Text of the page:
Additional file 3: Proteins with changed abundance at 24 h post-treatment. A summary file containing the set of proteins that had modulated abundance, as detected by DIGE, at 24 h post-treatment with salbutamol. (XLS 32 KB)
Additional file 4: Proteins with changed abundance at 96 h post-treatment. A summary file containing the set of proteins that had modulated abundance, as detected by DIGE, at 96 h post-treatment with salbutamol. (XLS 618 KB)
Additional file 5: Clusters of functional annotations for proteins at 24 h post-treatment. The output of clustering functional annotations produced by DAVID, on the protein set at 24 h post-treatment (XLS 44 KB)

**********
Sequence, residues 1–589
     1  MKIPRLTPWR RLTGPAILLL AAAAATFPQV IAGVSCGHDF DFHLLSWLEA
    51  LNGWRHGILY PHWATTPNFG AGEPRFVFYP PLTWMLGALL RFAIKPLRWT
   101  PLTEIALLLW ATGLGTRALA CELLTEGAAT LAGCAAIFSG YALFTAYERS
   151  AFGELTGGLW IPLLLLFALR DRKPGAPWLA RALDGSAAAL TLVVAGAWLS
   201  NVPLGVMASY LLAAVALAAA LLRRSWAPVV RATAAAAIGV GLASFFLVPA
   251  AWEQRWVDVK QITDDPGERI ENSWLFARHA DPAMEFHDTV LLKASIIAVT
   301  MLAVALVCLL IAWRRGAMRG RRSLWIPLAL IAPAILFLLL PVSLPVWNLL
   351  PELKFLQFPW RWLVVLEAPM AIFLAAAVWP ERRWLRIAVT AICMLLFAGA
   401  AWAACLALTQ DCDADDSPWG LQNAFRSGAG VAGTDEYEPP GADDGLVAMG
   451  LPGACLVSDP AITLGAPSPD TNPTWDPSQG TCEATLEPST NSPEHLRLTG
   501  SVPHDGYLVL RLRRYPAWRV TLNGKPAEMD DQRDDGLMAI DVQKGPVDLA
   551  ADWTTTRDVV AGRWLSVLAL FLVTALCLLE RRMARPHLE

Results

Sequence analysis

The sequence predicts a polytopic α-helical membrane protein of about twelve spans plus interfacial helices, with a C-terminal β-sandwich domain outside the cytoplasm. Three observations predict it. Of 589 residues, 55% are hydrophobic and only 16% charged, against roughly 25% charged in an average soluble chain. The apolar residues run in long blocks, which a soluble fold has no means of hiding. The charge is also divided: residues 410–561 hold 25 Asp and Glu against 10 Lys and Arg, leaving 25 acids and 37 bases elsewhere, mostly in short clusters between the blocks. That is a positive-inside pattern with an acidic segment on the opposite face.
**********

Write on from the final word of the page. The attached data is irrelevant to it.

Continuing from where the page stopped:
Additional file 6: Clusters of functional annotations for proteins at 96 h post-treatment. The output of clustering functional annotations produced by DAVID, on the protein set at 96 h post-treatment (XLS 139 KB)
Authors’ original submitted files for images
Below are the links to the authors’ original submitted files for images.
Rights and permissions
This article is published under license to BioMed Central Ltd. This is an open access article distributed under the terms of the Creative Commons Attribution License (http://creativecommons.org/licenses/by/2.0), which permits unrestricted use, distribution, and reproduction in any medium, provided the original work is properly cited.
About this article
Cite this article
Kenyani, J., Medina-Aunon, J.A., Martinez-Bartolomé, S. et al. A DIGE study on the effects of salbutamol on the rat muscle proteome - an exemplar of best practice for data sharing in proteomics. BMC Res Notes 4, 86 (2011). https://doi.org/10.1186/1756-0500-4-86
- Identification File
- Data Exchange Format
- Enrich Functional Category
- Proteomics Standard Initiative